The Firms

March 19, 2012 12:32 PM

U.K. Firms Need to Cut 6,000 Attorney Jobs in 2012, RBS Report Claims

Posted by Chris Johnson

U.K. law firms must lay off almost 6,000 more lawyers this year if they want to maintain profit levels in the face of falling demand, a new report claims.

Though firms trimmed their attorney ranks by about 15 percent on average during the recession, research released Monday by the Royal Bank of Scotland suggests that "insufficient fee-earner capacity has been removed from the market" and that a further downsizing will be required in 2012 as firms struggle amid a fragile global economy and patchy transactional markets.

"The U.K. market remains over-lawyered," says the report's author, RBS's legal services head James Tsolakis. "In the absence of large new sources of instructions, which we do not expect . . . additional restructuring will be required to further eliminate fee-earner capacity. That chargeable hours continue at sluggish levels is of particular concern, given the significant fee-earner capacity that has been removed from the market over the last two years."

Based on an analysis of firms' financial performance in the first half of the present fiscal year, as well as on current activity levels, RBS concludes that firms need to reduce their lawyer numbers by roughly 5 percent in order to return to the levels of profitability they enjoyed before the downturn.

Given that Law Society data lists almost 120,000 attorneys as practicing in the United Kingdom, the cuts suggested by RBS equal roughly 6,000 jobs. RBS, which alongside Barclays provides banking services to most of the top U.K. law firms, estimates the restructuring would save the profession around £280 million ($445 million) in costs each year.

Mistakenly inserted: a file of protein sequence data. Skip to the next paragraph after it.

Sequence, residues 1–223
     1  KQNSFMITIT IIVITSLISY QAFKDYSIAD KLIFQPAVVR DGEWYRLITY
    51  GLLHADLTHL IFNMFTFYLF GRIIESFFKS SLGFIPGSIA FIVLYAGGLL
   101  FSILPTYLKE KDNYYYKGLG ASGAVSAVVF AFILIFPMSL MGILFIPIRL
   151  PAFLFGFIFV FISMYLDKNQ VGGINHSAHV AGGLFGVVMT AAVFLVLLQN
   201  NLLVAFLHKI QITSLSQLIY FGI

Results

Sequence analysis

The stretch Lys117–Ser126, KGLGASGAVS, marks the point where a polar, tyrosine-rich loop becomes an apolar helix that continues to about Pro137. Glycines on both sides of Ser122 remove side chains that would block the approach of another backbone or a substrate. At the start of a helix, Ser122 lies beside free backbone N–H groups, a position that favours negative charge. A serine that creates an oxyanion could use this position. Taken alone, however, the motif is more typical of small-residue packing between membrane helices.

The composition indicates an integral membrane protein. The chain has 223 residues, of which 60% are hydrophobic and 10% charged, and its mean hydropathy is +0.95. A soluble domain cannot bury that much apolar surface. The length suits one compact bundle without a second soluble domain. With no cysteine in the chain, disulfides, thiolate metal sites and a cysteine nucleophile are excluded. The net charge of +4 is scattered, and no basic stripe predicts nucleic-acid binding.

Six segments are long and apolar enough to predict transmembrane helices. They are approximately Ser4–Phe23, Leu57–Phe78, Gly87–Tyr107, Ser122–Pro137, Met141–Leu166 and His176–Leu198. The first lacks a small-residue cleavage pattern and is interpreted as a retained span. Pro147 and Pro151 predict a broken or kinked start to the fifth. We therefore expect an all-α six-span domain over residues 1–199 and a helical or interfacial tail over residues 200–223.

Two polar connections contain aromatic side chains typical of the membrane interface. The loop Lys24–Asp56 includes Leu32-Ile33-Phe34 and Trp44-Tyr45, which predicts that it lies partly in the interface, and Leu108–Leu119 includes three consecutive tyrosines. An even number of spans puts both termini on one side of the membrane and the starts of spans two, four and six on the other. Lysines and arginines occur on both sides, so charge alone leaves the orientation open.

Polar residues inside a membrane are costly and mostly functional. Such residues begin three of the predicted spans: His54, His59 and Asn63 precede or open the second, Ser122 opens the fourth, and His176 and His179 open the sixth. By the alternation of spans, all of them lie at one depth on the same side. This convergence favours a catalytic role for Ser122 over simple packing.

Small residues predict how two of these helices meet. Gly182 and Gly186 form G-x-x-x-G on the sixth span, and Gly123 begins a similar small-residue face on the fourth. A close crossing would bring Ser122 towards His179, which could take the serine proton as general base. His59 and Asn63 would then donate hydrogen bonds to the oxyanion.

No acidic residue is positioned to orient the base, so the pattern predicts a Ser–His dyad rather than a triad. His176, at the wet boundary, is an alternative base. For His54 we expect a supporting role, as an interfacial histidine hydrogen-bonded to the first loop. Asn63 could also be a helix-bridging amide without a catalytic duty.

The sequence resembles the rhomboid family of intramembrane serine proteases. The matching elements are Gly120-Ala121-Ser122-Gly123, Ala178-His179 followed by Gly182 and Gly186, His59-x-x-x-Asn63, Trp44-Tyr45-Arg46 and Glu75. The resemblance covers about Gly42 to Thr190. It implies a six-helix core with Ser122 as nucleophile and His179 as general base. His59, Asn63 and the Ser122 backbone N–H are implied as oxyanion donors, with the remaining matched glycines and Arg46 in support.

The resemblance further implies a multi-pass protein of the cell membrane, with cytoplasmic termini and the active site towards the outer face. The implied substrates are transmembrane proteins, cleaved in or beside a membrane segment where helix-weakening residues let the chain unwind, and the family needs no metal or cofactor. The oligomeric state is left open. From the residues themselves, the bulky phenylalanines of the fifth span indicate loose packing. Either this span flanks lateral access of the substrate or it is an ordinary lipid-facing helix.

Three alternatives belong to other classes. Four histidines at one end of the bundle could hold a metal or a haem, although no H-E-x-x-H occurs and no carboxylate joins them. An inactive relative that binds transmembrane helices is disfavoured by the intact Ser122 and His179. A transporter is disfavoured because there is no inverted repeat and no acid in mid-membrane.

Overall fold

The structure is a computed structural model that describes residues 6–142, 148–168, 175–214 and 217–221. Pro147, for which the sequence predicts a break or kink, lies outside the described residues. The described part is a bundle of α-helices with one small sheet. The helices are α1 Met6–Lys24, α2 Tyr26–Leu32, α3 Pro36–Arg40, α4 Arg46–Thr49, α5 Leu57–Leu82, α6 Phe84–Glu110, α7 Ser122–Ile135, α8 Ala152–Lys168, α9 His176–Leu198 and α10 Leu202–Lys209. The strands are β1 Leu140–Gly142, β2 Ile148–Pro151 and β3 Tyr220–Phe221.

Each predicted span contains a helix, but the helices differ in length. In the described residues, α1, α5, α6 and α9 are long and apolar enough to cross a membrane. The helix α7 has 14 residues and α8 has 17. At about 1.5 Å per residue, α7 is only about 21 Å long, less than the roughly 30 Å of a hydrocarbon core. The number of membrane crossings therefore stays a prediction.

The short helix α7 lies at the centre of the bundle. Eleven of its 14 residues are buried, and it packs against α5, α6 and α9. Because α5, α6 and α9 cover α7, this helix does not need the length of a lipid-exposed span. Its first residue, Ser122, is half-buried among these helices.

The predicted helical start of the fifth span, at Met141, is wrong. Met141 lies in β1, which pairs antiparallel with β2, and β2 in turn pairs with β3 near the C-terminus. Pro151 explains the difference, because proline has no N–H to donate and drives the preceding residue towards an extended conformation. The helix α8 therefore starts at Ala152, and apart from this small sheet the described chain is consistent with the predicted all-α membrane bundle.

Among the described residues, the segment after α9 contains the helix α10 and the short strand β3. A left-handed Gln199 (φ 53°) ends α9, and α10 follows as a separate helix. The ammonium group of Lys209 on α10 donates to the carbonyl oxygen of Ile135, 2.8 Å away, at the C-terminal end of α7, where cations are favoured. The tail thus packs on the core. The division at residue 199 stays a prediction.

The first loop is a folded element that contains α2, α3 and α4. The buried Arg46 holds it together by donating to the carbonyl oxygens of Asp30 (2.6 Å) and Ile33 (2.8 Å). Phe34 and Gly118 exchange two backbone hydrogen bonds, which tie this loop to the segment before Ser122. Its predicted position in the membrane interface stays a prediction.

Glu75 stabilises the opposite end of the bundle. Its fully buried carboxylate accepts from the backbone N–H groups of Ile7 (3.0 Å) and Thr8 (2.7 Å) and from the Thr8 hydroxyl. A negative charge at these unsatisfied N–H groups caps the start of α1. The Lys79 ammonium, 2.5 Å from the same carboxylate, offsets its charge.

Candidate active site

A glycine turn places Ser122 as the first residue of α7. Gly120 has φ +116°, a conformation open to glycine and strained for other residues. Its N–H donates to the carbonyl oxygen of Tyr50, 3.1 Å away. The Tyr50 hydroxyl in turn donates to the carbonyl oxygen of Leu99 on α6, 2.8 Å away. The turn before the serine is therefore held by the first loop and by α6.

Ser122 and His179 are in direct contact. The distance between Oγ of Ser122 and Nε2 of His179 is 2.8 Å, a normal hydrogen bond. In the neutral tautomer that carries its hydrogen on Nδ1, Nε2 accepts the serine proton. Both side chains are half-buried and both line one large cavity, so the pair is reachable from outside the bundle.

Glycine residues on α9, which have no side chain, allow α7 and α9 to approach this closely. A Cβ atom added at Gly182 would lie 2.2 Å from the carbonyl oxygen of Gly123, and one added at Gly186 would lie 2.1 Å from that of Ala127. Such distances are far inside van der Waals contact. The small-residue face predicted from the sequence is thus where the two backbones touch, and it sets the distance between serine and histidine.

Linklaters and Dewey & LeBoeuf are among the latest firms to restructure their partnerships. Linklaters is undertaking its second internal review in the past three years, with a total of 35 partners set to leave the firm in the coming months. (The exercise has met with severe criticism internally, and led to managing partner Simon Davies failing to secure a second term in charge despite being the only candidate for the job.)

Dewey, which saw marginal increases in both revenue and profit per partner in 2011, meanwhile, is cutting 5 percent of its attorneys worldwide. The firm recently saw 12 partners—including insurance cochair Michael Groll, corporate finance cochair John Schwolsky, U.S. M&A head Alexander Dye, and two London-based partners—leave for Willkie Farr & Gallagher.

Though the market is "showing little signs of any meaningful recovery," the RBS report estimates that U.K. law firms will achieve revenue growth of an average 6 percent during this fiscal year, which for most firms ends on April 30.

Download the full report here.

Make a comment

Comments (0)
Save & Share: Facebook | Del.ic.ious | | Email |

Reprints & Permissions


Report offensive comments to The Am Law Daily.

The comments to this entry are closed.

By: TwitterButtons.com

From the Newswire

Sign up to receive Legal Blog Watch by email
View a Sample